First Impressions

A Tale of Less Pride & Prejudice

by Alexa Adams

 

Book Details

"I see how it is Mrs. Bennet – a rich man has danced with Lizzy. When he arrives to ask for her hand do show him in.”

In Pride and Prejudice, Fitzwilliam Darcy begins his relationship with Elizabeth Bennet with the words: “She is tolerable, but not handsome enough to tempt me; I am in no humour at present to give consequence to young ladies who are slighted by other men.” What would have happened if Mr. Darcy had never spoken so disdainfully? First Impressions explores how the events of Jane Austen’s beloved novel would have transpired if Darcy and Elizabeth had danced together at the Meryton Assembly. Jane and Bingley’s relationship blossoms unimpeded, Mary makes a most fortunate match, and Lydia never sets a foot in Brighton. Austen’s witty style is authentically invoked in this playful romp from Longbourn to Pemberley.

 

Book Excerpt

“Oh she is the most beautiful creature I ever beheld! But there is one of her sisters sitting down just behind you, who is very pretty and I dare say very agreeable. Do let me ask my partner to introduce you.”







“Which do you mean?” and turning around, Darcy saw a dark haired woman, of shorter stature than her sister, just perceptively tapping her foot in time to the music as she watched the dancers. She did not possess the impressive beauty of her sister, yet his quick mind was struck by the cheerful liveliness of her appearance. This lady did not pine over sitting out the set, sulking like so many women he had observed. No indeed – rather than languishing she displayed an easy pleasure in her surroundings and a generous goodwill towards those enjoying the dance. Darcy wished he could be so content, so able to relish his chosen role of spectator. He knew it to be the safest place for him. Were he to seek an introduction at this juncture it would, undoubtedly, incite unwelcome attention and gossip while forcing him to indulge in idle conversation with a young lady whose companionship surely must be intolerable. Why should he subject himself to such atrocities? A dance was entirely unthinkable. He moved to turn back round in order to give Bingley a decidedly negative response to his proposal when the lady's eyes locked on his and he realized, with a great deal of horrified mortification, that she had obviously overheard Bingley's idiotic suggestion!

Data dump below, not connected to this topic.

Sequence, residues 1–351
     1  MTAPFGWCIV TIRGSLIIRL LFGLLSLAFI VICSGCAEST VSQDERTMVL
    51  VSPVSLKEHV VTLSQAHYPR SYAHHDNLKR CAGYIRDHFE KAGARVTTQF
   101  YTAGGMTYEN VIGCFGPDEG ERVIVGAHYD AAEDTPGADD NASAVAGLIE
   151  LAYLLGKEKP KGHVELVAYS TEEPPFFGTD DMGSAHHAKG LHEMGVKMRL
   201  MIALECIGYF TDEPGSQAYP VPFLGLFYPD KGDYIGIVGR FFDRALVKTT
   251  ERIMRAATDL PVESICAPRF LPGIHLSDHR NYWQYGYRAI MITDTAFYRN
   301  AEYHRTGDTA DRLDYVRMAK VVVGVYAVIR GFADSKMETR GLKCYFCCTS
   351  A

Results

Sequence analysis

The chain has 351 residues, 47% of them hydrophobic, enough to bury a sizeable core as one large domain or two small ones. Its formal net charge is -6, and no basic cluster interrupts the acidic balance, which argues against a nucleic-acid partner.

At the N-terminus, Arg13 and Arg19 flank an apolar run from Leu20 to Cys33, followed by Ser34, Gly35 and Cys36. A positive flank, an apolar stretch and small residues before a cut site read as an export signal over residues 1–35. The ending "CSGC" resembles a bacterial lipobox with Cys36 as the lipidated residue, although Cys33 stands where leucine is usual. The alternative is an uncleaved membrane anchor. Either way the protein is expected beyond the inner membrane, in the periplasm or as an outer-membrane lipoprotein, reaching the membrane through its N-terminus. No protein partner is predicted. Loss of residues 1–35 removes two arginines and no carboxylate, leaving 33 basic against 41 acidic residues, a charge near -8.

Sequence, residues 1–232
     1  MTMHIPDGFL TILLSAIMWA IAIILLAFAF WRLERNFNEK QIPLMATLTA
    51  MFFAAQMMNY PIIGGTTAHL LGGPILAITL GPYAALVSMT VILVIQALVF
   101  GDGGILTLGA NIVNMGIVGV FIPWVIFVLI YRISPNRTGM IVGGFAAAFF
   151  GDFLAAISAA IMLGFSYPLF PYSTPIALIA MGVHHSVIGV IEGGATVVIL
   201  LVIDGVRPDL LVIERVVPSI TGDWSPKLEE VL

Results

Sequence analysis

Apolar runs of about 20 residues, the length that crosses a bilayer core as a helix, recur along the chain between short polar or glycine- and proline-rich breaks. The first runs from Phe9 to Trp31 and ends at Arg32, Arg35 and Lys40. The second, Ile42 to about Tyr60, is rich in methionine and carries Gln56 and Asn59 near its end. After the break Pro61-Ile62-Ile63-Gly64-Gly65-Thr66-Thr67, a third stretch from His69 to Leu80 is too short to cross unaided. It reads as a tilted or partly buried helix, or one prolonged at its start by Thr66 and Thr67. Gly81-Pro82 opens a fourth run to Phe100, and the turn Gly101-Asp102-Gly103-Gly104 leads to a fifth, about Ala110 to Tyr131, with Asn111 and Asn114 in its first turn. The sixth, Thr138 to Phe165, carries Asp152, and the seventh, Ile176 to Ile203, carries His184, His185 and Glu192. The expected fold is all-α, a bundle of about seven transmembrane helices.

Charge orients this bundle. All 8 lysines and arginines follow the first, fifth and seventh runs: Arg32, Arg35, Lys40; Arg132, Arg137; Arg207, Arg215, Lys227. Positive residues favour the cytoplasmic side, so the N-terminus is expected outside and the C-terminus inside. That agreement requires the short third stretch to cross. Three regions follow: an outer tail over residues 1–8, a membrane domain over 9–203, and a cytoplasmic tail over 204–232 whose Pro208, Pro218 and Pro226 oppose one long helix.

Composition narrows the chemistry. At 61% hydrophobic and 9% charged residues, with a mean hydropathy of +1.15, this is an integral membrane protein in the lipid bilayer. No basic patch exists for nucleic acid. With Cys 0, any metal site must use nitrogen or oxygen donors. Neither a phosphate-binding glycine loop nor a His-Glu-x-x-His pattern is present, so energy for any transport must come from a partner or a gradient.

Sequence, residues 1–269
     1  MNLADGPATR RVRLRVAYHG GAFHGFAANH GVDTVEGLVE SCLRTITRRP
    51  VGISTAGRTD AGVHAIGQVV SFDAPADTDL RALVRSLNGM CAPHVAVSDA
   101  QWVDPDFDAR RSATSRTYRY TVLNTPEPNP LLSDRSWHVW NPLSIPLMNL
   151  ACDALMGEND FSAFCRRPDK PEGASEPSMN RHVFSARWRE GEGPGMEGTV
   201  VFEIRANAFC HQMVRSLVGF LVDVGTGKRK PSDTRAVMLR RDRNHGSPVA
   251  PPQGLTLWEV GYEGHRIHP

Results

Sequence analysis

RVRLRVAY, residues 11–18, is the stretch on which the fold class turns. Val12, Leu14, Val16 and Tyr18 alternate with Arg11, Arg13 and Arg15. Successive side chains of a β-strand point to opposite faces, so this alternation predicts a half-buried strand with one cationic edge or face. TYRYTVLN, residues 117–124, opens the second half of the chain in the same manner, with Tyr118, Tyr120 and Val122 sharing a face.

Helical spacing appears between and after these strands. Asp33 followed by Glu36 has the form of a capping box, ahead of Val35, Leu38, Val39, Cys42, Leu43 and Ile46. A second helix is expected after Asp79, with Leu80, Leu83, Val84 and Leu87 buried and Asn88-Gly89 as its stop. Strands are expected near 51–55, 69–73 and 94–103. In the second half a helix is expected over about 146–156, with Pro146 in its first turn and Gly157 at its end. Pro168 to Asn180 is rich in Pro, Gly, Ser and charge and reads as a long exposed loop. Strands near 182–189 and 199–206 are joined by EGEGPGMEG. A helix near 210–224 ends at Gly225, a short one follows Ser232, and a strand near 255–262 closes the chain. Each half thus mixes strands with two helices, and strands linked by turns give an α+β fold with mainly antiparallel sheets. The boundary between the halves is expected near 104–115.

She gave him a knowing look – he could almost read her thoughts: “Well sir? Would you deem my company insupportable?” There was no denying the challenge implied in the raised brow: she was clearly calling him out. Was retreat possible for a man such as he? To not step forward now would be ungentlemanly, an insult to what he must admit to be an intriguing young lady – unthinkable! If there was anything certain to overcome Darcy's timidity it was the need to always uphold the dictates of etiquette. Why else would he have come to this unfortunate assembly in the first place? He was a Darcy of Pemberley after all, descendant of some of the oldest families in England, nephew to the Earl of _________. He had the honor of his name to uphold; it didn't matter if it meant attending an assembly with his host or preventing the infliction of an insult upon a lady, he would fulfill his duty.







“Very well Bingley. If your partner would be so kind, I would be happy to make the acquaintance of her sister.”

 

About the Author

Alexa Adams

A lover of Jane Austen since her childhood, Alexa Adams' study of her work has been extensive. Residing in the Delaware Valley with her husband and two cats, she looks forward to continuing her engagement with Austen and the remarkably familiar characters she has bequeathed to this world.

Also by Alexa Adams

Second Glances
Holidays at Pemberley or Third Encounters: